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Environ Health. 2017 May 17;16(1):46. doi: 10.1186/s12940-017-0255-z.

Distributions and determinants of urinary biomarkers of organophosphate pesticide exposure in a prospective Spanish birth cohort study.

Author information

1
Epidemiology and Environmental Health Joint Research Unit, FISABIO-Universitat Jaume I-Universitat de València, Av. Catalunya 21, 46020, Valencia, Spain. llop_sab@gva.es.
2
Spanish Consortium for Research on Epidemiology and Public Health (CIBERESP), Av. Monforte de Lemos, 3-5. Pabellón 11, 28029, Madrid, Spain. llop_sab@gva.es.
3
Foundation for the Promotion of Health and Biomedical Research in the Valencia Region, FISABIO-Public Health, Avda. Catalunya 21, 46020, Valencia, Spain. llop_sab@gva.es.
4
Epidemiology and Environmental Health Joint Research Unit, FISABIO-Universitat Jaume I-Universitat de València, Av. Catalunya 21, 46020, Valencia, Spain.
5
Spanish Consortium for Research on Epidemiology and Public Health (CIBERESP), Av. Monforte de Lemos, 3-5. Pabellón 11, 28029, Madrid, Spain.
6
Analytical Unit, Medical Research Institute Hospital La Fe, Av. Fernando Abril Martorell, 106- Torre A, 46026, Valencia, Spain.
7
Foundation for the Promotion of the Health and Biomedical Research in the Valencia Region, FISABIO-Public Health, Av. Catalunya 21, 46020, Valencia, Spain.
8
Public Health Laboratory of Valencia, Av. Catalunya 21, 46020, Valencia, Spain.
9
Analytical Chemistry Department, Universitat de València, Dr. Moliner, 50, 46100, Burjassot, Valencia, Spain.
10
Department of Medicine, Universitat Jaume I, Av. Vicent Sos Baynat, s/n, 12071, Castelló de la Plana, Spain.

Abstract

BACKGROUND:

Prenatal exposure to organophosphate pesticides (OPs) has been associated with impaired child development. Pesticide exposure determinants need to be studied in order to identify sources and pathways of pesticide exposure. The aim of this paper is to describe prenatal exposure to OPs and evaluate the associated factors in pregnant women.

METHODS:

The study population consisted of pregnant women (n = 573) who participated in the INMA birth cohort study in Valencia (Spain, 2003-2006). OP metabolites were analyzed in maternal urine at the 32nd week of gestation using a liquid chromatography-high resolution mass spectrometry method. The analysis included non-specific (diethyl phosphate [DEP], diethyl thiophosphate [DETP], dimethyl thiophosphate [DMTP], dimethyl dithiophosphate [DMDTP]) and specific metabolites (2-diethylamino-6-methyl-4-pyrimidinol [DEAMPY], 2-isopropyl-4-methyl-6-hydroxypyrimidine [IMPY], para-nitrophenol [PNP], and 3,5,6-trichloro-2-pyridinol [TCPY]). Information about the sociodemographic, environmental, and dietary characteristics was obtained by questionnaire. The association between log-transformed OPs and covariates was analyzed using multivariable interval censored regression.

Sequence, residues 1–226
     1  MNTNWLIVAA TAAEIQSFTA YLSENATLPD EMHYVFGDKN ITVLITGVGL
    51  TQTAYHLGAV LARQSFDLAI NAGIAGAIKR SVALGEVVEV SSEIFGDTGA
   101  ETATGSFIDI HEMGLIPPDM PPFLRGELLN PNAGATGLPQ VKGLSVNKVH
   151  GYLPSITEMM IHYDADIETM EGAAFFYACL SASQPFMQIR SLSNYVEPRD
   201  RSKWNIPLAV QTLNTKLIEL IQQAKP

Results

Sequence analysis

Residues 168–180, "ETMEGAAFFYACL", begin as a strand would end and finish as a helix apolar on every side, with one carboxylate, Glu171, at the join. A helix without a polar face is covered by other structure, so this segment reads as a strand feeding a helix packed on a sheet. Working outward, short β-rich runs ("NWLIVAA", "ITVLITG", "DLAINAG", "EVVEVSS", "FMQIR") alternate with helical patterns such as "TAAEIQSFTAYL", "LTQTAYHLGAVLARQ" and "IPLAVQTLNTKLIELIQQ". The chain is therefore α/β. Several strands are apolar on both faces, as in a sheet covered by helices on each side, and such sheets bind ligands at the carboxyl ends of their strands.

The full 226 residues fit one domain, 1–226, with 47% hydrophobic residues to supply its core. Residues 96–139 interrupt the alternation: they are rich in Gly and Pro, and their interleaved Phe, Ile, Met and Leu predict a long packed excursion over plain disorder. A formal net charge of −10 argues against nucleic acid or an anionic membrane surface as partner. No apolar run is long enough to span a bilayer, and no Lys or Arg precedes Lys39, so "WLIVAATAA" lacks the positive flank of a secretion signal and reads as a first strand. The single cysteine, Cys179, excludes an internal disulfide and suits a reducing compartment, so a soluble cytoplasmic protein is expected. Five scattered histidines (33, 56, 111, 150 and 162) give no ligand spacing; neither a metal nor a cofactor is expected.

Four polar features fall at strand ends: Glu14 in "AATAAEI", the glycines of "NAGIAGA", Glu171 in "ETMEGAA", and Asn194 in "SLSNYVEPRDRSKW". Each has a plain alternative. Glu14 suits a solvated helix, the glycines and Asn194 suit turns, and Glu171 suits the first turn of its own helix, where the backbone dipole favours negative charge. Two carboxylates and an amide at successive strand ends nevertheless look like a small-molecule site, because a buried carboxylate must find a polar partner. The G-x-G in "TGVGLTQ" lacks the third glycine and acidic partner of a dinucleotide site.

RESULTS:

The detection frequencies were low, DMTP and TCPY being the most frequently detected metabolites (53.8% and 39.1%, respectively). All the OP metabolites were positively associated with maternal intake of fruits and vegetables. Other maternal characteristics related to the OPs were body mass index (BMI) before pregnancy and smoking habit during pregnancy. Women with lower BMI and those who did not smoke presented higher OP concentrations. Moreover, mothers who had a yard or garden with plants at home or who lived in an urban area were also more exposed to OPs.

CONCLUSIONS:

The OP detection frequencies and the concentrations observed in our study population were low, compared with most of the previously published studies. Given the high vulnerability of the fetus to neurotoxicant exposure, further research on the determinants of the body burden of OPs during pregnancy would be necessary. The knowledge gained from such studies would enhance the effectiveness of public health control and future recommendations in order to reduce the risk to both the health of pregnant women and the health and development of their children.

KEYWORDS:

Agriculture; Development; Diet; Fruit; Pesticides; Vegetables

PMID:
28514952
PMCID:
PMC5436449
DOI:
10.1186/s12940-017-0255-z
[Indexed for MEDLINE]
Free PMC Article

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